The U.S. Environmental Protection Agency -- in conjunction with federal, state and local government and private sector partners -- is kicking off its fourth annual SepticSmart Week to encourage American homeowners and communities to properly maintain their septic systems.
About 25 percent of all housing units in Pennsylvania use on-lot septic systems for the treatment and disposal of household wastewater. Properly designed, installed and maintained on-lot septic systems provide adequate treatment and disposal of liquid household wastes.
Warming climate triggers changes in forests' impact on cleaner water. A warming climate is causing earlier springs and later autumns in eastern forests of the United States, lengthening the growing season for trees and potentially changing how forests function. Scientists have found that in years with early springs, trees use more nitrogen to grow than is naturally provided in soil, which could impact tree growth rates and the amount of carbon dioxide forests take out of the atmosphere.
All over the world, lakes, rivers, and coastal waters are threatened by high nutrient inputs. Nitrate or phosphates from waste-waters or fertilizers causes eutrophication. The consequence: Algae, in particular cyanobacteria (blue-green algae), grow uncontrollably and may release toxic substances. Hence, extensive water monitoring is indispensable for drinking water supply and water protection. Researchers have now develop a smart monitoring system, combining various technologies in a depth profile-measuring multi-sensor buoy for monitoring water bodies and in particular algae growth.
Department of Conservation and Natural Resources Secretary Cindy Adams Dunn Thursday announced the 2016 State Forest Resource Management Plan that will chart the course of Pennsylvania’s future state forests has been finalized and is now available.
The Pennsylvania Department of Environmental Protection (DEP) invites nonprofits, local governments, schools and universities, and other organizations to apply for 2017 Coastal Zone Grants to be used for projects that benefit Pennsylvania’s coastal resources in the Lake Erie and Delaware Estuary watersheds. Applications for the 2017 grants will be taken until 4 PM, October 17, 2016.
While current efforts to curtail agricultural runoff will improve the health of Lake Erie, much more work will be needed to protect the streams that feed the lake, new research shows.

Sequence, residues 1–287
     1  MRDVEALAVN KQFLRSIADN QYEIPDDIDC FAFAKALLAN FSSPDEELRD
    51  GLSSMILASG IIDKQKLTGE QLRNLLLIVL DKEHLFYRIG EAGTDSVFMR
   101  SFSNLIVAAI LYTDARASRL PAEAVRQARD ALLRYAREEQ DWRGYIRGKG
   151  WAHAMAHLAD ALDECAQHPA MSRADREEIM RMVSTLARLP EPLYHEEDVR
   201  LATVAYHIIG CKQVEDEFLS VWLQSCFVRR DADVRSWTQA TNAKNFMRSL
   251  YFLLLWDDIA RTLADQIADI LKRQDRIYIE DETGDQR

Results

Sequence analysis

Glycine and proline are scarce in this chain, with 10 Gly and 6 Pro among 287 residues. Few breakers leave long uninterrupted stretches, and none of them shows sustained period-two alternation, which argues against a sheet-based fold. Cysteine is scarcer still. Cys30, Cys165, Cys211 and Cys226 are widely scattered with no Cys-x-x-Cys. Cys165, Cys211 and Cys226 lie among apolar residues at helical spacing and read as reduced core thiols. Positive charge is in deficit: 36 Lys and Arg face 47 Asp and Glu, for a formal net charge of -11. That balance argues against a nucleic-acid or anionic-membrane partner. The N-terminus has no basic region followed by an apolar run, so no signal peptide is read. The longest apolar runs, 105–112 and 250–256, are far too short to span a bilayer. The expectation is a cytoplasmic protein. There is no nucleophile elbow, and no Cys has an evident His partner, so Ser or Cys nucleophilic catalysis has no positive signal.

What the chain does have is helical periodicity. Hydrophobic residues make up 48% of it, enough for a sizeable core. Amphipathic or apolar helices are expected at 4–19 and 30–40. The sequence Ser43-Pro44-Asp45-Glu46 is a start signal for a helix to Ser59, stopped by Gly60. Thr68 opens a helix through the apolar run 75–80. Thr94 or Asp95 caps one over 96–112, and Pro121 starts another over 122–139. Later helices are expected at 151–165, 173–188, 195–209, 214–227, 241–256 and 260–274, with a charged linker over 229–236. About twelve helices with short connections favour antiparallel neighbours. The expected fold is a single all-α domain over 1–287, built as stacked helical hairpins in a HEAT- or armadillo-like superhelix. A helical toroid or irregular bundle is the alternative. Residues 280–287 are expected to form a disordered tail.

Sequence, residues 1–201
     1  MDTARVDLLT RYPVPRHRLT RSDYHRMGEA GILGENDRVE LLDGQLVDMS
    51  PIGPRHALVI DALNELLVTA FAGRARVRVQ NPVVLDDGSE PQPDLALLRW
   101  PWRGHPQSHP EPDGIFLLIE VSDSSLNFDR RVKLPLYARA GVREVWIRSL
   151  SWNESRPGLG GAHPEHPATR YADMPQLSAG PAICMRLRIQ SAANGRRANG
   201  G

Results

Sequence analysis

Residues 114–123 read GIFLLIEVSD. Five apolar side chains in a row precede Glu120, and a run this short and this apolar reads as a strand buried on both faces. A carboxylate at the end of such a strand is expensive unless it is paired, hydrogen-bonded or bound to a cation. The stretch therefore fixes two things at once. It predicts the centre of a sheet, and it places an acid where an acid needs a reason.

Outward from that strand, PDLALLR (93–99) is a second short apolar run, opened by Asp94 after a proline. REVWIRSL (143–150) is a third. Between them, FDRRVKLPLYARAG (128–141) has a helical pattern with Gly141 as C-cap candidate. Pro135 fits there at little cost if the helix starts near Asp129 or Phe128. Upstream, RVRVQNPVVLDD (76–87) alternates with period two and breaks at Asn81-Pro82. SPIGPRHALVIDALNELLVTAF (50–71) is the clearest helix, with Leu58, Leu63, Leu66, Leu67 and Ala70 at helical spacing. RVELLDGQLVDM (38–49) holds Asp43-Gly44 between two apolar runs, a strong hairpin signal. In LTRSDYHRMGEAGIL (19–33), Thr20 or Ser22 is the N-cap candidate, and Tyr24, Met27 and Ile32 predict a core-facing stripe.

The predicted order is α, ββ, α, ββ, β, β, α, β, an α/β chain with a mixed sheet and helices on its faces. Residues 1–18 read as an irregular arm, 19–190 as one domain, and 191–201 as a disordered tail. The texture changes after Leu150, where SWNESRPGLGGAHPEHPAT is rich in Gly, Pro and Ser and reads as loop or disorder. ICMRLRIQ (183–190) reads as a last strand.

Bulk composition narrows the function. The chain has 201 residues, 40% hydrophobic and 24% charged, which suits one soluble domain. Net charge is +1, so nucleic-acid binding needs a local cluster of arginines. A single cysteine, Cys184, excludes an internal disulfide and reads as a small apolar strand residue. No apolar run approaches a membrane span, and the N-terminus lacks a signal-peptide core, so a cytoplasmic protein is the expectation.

PPCPs are widely released into the world’s freshwaters and oceans, where they mix at low concentrations over long time periods and seep into diverse environmental pathways such as surface water, groundwater, drinking water or soil.
A new study contradicts the common assumption that down-the-drain disposal is an important source of pharmaceutical pollution in wastewater.
The decrease in fishery productivity in Lake Tanganyika since the 1950s is a consequence of global warming rather than just overfishing, according to a new report. The lake was becoming warmer at the same time in the 1800s that the abundance of fish began declining and the lake's algae started decreasing. Large-scale commercial fishing did not begin on Lake Tanganyika until the 1950s.
Kansans who own water wells show more awareness of state water policy issues than those who rely on municipal water supplies, according to a study that could have implications for groundwater management and environmental policies.
Norristown, PA – The Pennsylvania Department of Environmental Protection has released results of surveillance for Aedes mosquitoes, which have been found to be vectors of the Zika virus. At this time, there have not been any cases of Zika transmitted locally in Pennsylvania, nor have mosquitoes tested positive for the virus.
Hundreds of homeowners with private water wells, springs, cisterns, ponds or lakes received educational assistance at two exhibits during Ag Progress Days on August 16-18, 2016.
A recent study out of the University of Colorado indicates since introduction of horizontal drilling combined with high-volume hydraulic fracturing, the rate of groundwater contamination remained the same as in the previous years.
Researchers studied drilling wastes produced at two research wells near Morgantown and found they are well below federal guidelines for radioactive or hazardous waste.
A study shows that weather patterns tied to climate change may increase the severity of algal blooms in Chesapeake Bay as extreme rainfall cycles flush larger amounts of nitrogen from fertilizer and other sources into the Susquehanna River. The researchers found that a spike in rainfall can increase nitrogen levels in the bay even if the amount of fertilizer used on land remains the same, leading to explosive algae growth that poisons humans and wildlife, and devastates fisheries.
Penn State Extension Educator, Jim Clark, presented information on basic hydrology and where to go for drought monitoring information at a Drought Seminar for Potter County Farmers on Thursday, August 11, 2016.
Researchers developed an affordable way to monitor rivers and stream flow, 24/7, using open source products.
A new virus has been identified in association with a die-off of largemouth bass in Pine Lake in Wisconsin's Forest County. The previously unknown virus was isolated at the U.S. Fish and Wildlife Service's La Crosse Fish Health Center from dead fish collected by the Wisconsin Department of Natural Resources (DNR) during an investigation into a May 2015 fish kill in the northeastern Wisconsin lake.
Penn State Extension Water Educator, Jim Clark, and Extension Water Specialist, Bryan Swistock, presented a workshop for 61 Venango County Residents on Tuesday, August 2, 2016.